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A first-aid kit is a good start, but if you’re heading off the beaten path or diving deep into the woods — especially in places that could have extreme weather — you really need to amp up your first-aid kit by turning it into a lightweight survival kit.
What does this mean? It means that you need to have a few extra items — beyond first-aid kit bandages and medicine — that will give you a heckuva lot better chance of survival. If you’re backpacking, hiking, fishing, or hunting, you should already have some core gear for survival in case you get lost or trapped by bad weather. Because I’m usually outside doing one of these outdoor activities, I can keep my survival kits pretty lean.
If you’re mountain biking, on the other hand, you might want to pay extra attention to having a knife, and if you don’t already carry a knife every day, you better get one — check out “Gear Guide: 22 Best EDC Knives for the Money” to learn more and choose the right EDC knife for you.
Moving on, what do you really need to survive for a few hours or days? The answer is pretty simple: shelter, water, and fire.
First, you’re going to need to be able to stay warm. A cool rain in 45 degree weather can be a recipe for hyperthermia — it doesn’t have to be snowing to be dangerous. Or, if you’re in a desert, you’ll need protection from the sun and heat. This means you’ll need shelter.
You can survive for days with little or no food, but a lack of water can lead you to death through disorientation or straightforward dehydration.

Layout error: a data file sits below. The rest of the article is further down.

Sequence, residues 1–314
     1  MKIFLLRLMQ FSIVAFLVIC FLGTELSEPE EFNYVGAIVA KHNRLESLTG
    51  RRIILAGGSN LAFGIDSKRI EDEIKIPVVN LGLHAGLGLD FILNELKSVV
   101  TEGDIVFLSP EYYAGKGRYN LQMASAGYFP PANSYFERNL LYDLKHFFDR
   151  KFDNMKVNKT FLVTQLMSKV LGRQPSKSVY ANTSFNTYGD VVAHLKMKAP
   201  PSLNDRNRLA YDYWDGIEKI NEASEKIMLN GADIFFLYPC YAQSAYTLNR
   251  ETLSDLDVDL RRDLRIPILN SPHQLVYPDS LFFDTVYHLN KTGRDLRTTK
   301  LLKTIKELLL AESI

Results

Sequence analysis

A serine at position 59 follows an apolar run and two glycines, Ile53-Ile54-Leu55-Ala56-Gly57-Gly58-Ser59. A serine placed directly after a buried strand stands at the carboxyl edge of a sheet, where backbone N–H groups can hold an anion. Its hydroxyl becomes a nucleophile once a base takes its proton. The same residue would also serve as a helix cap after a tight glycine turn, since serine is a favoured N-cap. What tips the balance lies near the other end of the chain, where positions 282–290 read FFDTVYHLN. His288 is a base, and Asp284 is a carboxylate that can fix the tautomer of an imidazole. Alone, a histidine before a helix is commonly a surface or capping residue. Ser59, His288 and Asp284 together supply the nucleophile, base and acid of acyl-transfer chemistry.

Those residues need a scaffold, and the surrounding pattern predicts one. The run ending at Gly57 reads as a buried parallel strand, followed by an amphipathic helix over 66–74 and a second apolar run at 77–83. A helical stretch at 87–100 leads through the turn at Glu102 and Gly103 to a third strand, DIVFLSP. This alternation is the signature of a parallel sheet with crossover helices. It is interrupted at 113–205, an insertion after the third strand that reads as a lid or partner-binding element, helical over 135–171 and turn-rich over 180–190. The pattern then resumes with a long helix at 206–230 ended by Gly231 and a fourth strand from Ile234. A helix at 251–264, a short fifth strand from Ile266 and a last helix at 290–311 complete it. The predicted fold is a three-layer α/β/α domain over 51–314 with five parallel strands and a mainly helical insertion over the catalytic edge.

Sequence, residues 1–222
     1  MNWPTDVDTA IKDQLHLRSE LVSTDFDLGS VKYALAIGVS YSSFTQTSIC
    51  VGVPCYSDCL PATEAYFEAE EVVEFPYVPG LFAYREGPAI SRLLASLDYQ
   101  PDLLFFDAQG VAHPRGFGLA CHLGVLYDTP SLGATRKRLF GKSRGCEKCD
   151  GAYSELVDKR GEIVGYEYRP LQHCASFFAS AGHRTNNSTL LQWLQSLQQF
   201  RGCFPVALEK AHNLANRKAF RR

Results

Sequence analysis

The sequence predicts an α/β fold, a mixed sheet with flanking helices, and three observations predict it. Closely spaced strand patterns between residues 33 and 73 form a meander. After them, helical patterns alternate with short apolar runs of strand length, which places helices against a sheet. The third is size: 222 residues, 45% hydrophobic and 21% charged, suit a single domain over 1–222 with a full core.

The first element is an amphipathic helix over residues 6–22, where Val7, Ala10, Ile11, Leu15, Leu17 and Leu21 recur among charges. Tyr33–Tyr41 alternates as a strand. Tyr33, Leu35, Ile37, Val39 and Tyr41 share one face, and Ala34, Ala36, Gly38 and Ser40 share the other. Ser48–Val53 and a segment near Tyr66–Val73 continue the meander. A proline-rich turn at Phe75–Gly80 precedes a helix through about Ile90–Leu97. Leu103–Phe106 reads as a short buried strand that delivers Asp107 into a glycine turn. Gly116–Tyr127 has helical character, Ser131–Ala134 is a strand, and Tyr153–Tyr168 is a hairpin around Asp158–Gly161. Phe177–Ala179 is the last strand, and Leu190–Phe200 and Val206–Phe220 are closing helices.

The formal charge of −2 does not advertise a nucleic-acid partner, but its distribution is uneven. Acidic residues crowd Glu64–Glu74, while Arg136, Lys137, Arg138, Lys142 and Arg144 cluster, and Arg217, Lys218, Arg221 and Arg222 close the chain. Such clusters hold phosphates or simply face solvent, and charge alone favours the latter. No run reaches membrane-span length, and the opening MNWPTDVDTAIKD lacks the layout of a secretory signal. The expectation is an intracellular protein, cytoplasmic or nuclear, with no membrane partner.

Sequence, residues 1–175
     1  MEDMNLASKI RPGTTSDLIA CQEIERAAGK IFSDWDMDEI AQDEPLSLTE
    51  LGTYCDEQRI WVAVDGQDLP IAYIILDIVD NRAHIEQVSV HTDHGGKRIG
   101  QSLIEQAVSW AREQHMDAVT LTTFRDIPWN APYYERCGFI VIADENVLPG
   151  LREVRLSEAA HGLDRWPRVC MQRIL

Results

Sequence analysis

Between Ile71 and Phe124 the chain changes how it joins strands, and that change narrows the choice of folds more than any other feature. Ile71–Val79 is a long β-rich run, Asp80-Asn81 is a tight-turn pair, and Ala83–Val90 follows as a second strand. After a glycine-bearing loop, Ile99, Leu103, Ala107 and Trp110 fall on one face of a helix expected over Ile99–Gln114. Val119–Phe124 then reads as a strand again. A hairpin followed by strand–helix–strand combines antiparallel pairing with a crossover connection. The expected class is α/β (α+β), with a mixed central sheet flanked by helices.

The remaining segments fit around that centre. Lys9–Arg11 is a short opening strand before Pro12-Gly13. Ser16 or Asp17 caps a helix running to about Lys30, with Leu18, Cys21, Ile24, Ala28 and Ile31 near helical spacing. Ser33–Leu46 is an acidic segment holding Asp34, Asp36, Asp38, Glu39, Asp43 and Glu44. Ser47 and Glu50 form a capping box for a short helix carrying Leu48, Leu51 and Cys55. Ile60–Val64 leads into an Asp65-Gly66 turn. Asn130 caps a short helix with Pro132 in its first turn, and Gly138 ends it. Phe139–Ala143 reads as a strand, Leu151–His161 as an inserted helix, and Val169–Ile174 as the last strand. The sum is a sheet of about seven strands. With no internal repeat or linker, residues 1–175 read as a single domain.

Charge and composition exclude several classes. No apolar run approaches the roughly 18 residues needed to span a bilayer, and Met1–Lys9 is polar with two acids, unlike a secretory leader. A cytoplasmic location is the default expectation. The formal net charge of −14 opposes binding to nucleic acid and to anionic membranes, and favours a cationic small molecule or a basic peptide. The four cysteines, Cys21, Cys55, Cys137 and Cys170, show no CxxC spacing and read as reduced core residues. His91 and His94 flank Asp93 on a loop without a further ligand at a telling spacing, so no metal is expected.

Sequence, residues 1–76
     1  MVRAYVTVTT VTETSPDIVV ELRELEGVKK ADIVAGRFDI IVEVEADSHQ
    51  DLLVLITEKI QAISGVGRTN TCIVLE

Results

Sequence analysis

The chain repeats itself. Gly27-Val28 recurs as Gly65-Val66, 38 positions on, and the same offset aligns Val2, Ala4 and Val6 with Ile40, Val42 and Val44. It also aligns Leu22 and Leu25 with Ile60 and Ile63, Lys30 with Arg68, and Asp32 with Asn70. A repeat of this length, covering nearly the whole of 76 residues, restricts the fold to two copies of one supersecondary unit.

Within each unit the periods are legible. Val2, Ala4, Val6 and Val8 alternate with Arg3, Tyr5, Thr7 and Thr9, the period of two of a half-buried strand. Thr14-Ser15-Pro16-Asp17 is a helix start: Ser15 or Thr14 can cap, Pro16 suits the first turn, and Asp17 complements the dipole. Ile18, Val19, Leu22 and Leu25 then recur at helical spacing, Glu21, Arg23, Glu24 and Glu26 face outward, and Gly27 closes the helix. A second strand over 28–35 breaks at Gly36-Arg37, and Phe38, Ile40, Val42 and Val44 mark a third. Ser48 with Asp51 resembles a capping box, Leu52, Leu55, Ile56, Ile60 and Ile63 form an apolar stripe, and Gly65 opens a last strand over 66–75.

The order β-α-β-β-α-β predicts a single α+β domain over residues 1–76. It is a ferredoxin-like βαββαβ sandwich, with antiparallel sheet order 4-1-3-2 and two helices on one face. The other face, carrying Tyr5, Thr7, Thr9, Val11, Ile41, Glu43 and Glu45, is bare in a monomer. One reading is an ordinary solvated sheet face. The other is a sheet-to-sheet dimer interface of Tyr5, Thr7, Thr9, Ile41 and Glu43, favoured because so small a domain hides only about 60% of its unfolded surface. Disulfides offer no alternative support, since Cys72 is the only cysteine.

And fire? Fire can sterilize water, keep you warm, alert help to your location, soothe your freaked-out soul, and cook some food.
So . . . what do I do to turn my first-aid kits into lightweight survival kits?
In addition to my EDC knife that is carried in some pocket on my clothing, I add some must-have items to a backpacking first-aid kit — here is what I usually add:
matches, either waterproof or placed in a waterproof container
The goal is to pack only the items that will drastically increase your odds of survival — depending on where you’re going and the weather conditions — without becoming so heavy that you don’t want to pack it at all. Lighter is usually better because you’re less likely to leave it behind.
If you have a first-aid kit that has enough room in its own bag, simply tuck your extras into that first-aid kit bag. If you don’t — and I usually don’t — I slip it into a clear heavy-duty gallon-sized zip-closed freezer bag. Then I squish out the air and seal it. Why these bags? They’re cheap, pretty much waterproof, and because they are clear, I can see through it to know what’s inside. Better yet, if I get hurt, someone else can see through it and see what’s inside.
In case you’re wondering, I usually overpack here because I tend to go into the woods with other friends, sometimes with kids, so I like to be a little extra prepared. Remember, your lightweight survival kit can change in size and weight depending on your outdoor trips — I add and reduce depending on where I’m going and with whom.
Best Survival Kit Trick?
Remember that black lawn-and-leaf garbage bag on the list? You can poke a few holes in a black plastic bag for your head and arms to wear it like a rain-proof vest and/or stuff it with dry grass for insulation. You can cut it apart to make a rectangle and use it as part of your shelter to shed rain — or create shade. If you had to and were careful, you could use a portion of it to carry water. (Funny aside: On my hike up Mount St. Helens in some bad weather, we saw a guy wearing a black garbage bag.)
A close second to the black plastic bag is always taking along a lightweight stainless steel water bottle. Why not just a big hydration bladder? You can boil water in a stainless steel water bottle to sterilize it — or make soup.